5 Phrases Your Child Says That Are Red Flags

“You don’t listen to me”

“You don’t understand me”

“You never hear me”

“You don’t know me”

“You don’t care”

Ouch! As a parent, these phrases are extremely hard and painful to hear from our children. We dedicate our lives to school pickups and drop-offs, chauffeuring to extracurricular activities, providing healthy lunches and dinners, making time for homework and projects, and much more. Hearing these phrases can be a huge damper, and they also may be necessary to examine to see if your child is crying out for more validation in their home environment.

I read a quote the other day that resonated with me it said, “Students who are loved at home come to school to learn, and students who aren’t come to school to be loved”. I have seen this testimony play out in a number of ways in my experience working with children, teens, and their families. Parents have the best of intentions to provide support, encouragement, and validation to their child, and it can also be one of the first things that falls to the wayside in the hustle and bustle of everyday life.

Validation is defined as, “recognition or affirmation that another’s feelings or opinion are worthwhile”. Note that validation is NOT defined as agreeing with, concurring too, or even encouraging the feelings or behavior of another. I’ve had many parents tell me that they are worried validation will create entitlement in their children. It actually is the exact opposite. Children who are not validated look for validation in negative places such as toxic relationships, substances, and negative friendships. You do not have to agree with your child to validate them. Validation is not encouraging those behavior and feelings, it is simply acknowledging that they are present.

So now that we know what validation is and is not, let’s think about what it looks like in the family. Children and teens are craving positive adult attention. If your child is saying the phrases above, they may not be getting the attention they are asking for and are acting out to gain any type of attention. After all, negative attention is better than no attention, right? As a parent is our responsibility to let our children know their voice matters, and we do that by validating their feelings, thoughts, and opinions.

A common way we invalidate our children is by forgetting to be present in moments which your child is reaching out for validation. Picture this. Your child comes home and begins to share about a kid in their class who is mean to them. You are in the middle of a very important email from work and decide not to look up from the computer, half listening to their story adding in “uh-huhs” and “oh really?” every once in a while. You may not be saying it or even mean it, but the message you are sending is “What you’re saying is less important than what I’m doing”. This message, if received often, can seriously affect your children’s emotional and mental well-being. I’ve had children and teens in my office or in session state that they would rather hold important information from their parents than share due to feeling a “burden” because of the lack of validation they receive at home, which is heartbreaking.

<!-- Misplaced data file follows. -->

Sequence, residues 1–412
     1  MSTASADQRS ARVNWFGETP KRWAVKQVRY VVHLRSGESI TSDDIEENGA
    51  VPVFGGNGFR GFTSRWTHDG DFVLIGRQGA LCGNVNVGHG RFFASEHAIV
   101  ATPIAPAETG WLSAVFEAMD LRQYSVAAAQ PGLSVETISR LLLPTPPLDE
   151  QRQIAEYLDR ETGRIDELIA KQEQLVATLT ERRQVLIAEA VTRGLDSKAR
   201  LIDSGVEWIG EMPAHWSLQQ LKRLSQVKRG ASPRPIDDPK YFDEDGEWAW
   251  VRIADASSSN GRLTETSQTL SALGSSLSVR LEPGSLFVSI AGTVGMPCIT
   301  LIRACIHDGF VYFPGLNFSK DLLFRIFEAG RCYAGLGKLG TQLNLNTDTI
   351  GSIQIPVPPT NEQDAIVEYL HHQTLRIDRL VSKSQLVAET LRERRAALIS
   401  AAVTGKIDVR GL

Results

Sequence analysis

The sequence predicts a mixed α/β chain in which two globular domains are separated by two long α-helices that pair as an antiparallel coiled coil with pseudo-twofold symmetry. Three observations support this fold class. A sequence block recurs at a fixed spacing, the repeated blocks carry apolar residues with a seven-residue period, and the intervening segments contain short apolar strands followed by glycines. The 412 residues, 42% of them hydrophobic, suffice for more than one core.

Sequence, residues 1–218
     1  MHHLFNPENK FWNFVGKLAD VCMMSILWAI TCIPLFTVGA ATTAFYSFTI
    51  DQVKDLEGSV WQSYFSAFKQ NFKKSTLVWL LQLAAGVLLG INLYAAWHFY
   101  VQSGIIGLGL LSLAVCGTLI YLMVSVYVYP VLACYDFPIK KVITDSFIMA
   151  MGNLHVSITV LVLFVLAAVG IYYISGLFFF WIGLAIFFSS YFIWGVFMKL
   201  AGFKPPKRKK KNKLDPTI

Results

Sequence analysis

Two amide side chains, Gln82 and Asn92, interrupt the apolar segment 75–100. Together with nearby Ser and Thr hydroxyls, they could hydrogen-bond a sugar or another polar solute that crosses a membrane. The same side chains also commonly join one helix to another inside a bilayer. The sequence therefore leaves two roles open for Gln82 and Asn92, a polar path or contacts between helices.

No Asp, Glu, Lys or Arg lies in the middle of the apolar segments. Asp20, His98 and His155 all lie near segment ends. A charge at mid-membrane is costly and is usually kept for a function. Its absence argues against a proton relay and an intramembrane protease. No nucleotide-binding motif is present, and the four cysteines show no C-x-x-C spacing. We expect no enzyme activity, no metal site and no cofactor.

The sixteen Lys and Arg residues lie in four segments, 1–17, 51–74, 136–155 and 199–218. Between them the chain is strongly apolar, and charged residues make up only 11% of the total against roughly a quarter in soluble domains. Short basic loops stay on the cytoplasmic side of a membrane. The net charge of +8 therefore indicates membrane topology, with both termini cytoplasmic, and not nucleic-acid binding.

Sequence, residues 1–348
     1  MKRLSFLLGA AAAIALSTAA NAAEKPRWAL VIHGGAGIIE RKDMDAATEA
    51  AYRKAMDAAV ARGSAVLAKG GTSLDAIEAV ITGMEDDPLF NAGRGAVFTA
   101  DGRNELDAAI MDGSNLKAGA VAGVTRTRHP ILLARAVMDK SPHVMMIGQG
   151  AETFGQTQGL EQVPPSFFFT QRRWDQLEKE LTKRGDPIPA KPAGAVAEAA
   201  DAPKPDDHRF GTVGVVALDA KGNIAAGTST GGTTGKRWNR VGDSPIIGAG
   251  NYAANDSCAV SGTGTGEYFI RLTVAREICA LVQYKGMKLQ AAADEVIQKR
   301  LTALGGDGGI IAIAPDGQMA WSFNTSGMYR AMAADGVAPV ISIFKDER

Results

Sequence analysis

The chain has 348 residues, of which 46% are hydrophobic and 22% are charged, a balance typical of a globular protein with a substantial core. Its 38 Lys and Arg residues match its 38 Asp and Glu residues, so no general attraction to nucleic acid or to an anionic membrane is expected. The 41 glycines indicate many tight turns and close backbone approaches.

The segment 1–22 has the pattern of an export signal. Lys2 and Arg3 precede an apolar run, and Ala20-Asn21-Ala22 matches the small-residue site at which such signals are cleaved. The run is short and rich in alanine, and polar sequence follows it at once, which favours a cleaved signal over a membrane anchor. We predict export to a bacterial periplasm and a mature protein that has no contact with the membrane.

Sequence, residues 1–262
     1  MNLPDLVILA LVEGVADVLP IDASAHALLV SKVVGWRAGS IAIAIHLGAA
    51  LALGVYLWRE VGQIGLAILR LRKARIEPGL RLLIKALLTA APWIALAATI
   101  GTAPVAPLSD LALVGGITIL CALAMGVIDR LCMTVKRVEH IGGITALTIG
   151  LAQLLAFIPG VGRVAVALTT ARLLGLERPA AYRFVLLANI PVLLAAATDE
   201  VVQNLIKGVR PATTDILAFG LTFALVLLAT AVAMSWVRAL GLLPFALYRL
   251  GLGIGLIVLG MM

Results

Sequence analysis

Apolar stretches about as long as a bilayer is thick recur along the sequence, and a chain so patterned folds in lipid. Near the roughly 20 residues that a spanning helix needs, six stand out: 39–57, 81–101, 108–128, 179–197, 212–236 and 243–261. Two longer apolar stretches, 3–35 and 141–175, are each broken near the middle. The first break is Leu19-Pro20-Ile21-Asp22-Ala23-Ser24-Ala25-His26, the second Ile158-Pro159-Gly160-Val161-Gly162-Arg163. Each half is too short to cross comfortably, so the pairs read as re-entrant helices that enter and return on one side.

Another way validation is commonly missed is parents attempting to “fix” or “solve” all their children’s problems. When our children come to us with news it is the natural mother or fatherly response to want provide a solution. Although you are coming from a place of good intention, this can send the message that you have all the answers and you don’t want to listen to their feelings and opinions on the matter but put a Band-Aid on the issue. One way to help combat this is ask your child or teen, “Are you looking for my advice, or do you just want to vent right now?” This sends a clear message that your listening, present, and willing to provide whatever support your child is asking for in that particular moment.

Parents are rockstars in 2018. We do now more than ever to make sure our children are physically, emotionally, and mentally safe in our homes. It is easy to miss opportunities to validate your child, but with awareness and some attention we can utilize everyday moments to send the message our children’s voices and opinions matter by using these tools. Validating your child will increase your child’s self-esteem, awareness of self, emotional maturity, and decrease the likelihood for your child to engage in unsafe activities such as consuming violent media, substance use, and illegal activities as a teenager.

For more information on how you can validate your children contact:

Michelle Smith RMHCI, MS